A new year, a new donor budget and the fallacy of additional resources

Donor budgets are annual and modular. The legislation ruling these budgets covers normally all expenditures in all departments. This means expectations on donor flexibility are often unrealistic. While the role of parliaments in poor countries might be taken into account, often the role of donor legislation, parliaments in the donor countries and the limited importance of development in donor country political priority setting are often forgotten.

A budget in most countries is annual. This means a budget starting in January is normally proposed by the desk officer in March, April, balanced for priorities within the hierarchy and government and finally discussed, amended and approved by the parliament around November. The actual calendar depends on the donor. From that moment on, the allocation for departments, programmes, budget lines and even individual allocations is fixed for the rest of the year. Changes are still possible. However, the procedures can be difficult. In most countries, the legislation supports limiting expenditure and makes additional expenditure difficult. At the higher levels, there is a need to go back to the parliament, at the intermediate level, it might be necessary to go to the Chancellor of the Exchequer. At the lower levels, changes might be allowed within the department or even at the level of the desk officer.

Lessons learned:

  1. On the cabinet level, a government decides on the broad strokes. So the only cabinet level decision might be on the total Official Development Assistance budget for the year (allocation is annual, spending might be multi-annual). Within this budget, it is mostly the preserve of the Minister for development coöperation to make allocations.
  2. As most governments don’t allow the printing of money, additional funding for a development issue normally means savings within the same department. “Additional funding” for development is only possible if there is a disaster or other major event that convinces the parliament and the public to change its priorities, by reallocating e.g. national health service budget to disaster relief. There might be a constituency of potential health service clients who would oppose this move. International conferences, resolutions or best practices normally don’t qualify for getting this treatment. Real additional funding would e.g. mean that a government moves its benchmark for development spending up (e.g. from 0.7 % to 0.75 %).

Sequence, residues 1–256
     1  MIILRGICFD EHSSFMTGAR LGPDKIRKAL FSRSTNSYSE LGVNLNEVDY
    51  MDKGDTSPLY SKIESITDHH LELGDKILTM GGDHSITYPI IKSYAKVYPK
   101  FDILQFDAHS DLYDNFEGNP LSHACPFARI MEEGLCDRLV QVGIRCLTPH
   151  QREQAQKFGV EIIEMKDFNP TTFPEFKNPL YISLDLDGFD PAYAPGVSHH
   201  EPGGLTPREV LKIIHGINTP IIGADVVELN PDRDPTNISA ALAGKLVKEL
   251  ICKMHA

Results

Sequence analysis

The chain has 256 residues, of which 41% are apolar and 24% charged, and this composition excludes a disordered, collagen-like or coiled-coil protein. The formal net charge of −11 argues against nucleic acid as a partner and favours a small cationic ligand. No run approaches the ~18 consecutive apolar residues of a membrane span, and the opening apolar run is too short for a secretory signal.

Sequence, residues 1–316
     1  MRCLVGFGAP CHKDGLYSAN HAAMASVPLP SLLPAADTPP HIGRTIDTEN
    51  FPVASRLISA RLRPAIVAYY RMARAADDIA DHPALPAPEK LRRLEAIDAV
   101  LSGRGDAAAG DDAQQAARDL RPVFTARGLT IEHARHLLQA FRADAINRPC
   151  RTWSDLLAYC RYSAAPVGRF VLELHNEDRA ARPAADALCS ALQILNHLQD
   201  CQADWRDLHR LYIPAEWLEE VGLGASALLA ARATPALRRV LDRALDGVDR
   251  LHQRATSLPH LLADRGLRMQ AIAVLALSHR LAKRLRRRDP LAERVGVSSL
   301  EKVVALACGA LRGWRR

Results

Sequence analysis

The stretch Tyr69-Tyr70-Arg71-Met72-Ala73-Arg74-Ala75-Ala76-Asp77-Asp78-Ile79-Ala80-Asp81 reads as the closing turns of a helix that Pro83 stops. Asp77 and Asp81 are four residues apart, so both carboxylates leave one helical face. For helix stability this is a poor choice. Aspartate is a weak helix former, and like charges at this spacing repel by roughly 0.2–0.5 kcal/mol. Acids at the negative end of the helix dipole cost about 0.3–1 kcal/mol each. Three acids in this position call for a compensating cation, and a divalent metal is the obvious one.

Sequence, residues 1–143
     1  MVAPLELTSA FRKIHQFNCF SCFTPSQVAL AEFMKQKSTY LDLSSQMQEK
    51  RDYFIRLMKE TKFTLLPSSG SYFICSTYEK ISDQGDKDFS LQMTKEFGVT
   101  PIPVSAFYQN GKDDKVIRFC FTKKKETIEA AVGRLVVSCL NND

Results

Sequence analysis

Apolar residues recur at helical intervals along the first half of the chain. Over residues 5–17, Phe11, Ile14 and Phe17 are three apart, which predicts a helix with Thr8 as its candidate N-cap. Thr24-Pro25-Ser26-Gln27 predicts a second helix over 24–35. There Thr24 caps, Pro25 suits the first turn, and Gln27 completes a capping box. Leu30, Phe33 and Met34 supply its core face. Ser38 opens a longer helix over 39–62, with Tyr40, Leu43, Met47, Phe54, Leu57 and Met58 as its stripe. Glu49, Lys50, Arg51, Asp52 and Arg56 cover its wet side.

3. For all practical purposes, “Additional funding” for one development item, like climate change adaptation means to diminish the funding for less sexy development priorities, like primary education, health systems or democratic governance between elections. The call for additional funding is a call to diminish the funding for other development issues. The choices for savings are seldom explicit. How many people should we stop feeding to increase the funding for coördination?
  4. Who pays the piper calls it tune: If it is not on the budget, it is not important. If an item is recognized as a budget line or a programme in the official budget, it is ingrained in the DNA of the donor. Continuity is near guaranteed, even over the years. If there is only an agreement signed to give the item top priority, but there is no dedicated budget, allocation of scarce funding will be difficult. It will depend on the priority the desk officer can impose on his minister for actually paying up. However, being buried in the budget on a lower level might be useful to stay under the radar, e.g. when supporting innovative interventions with low political backing and public appeal.
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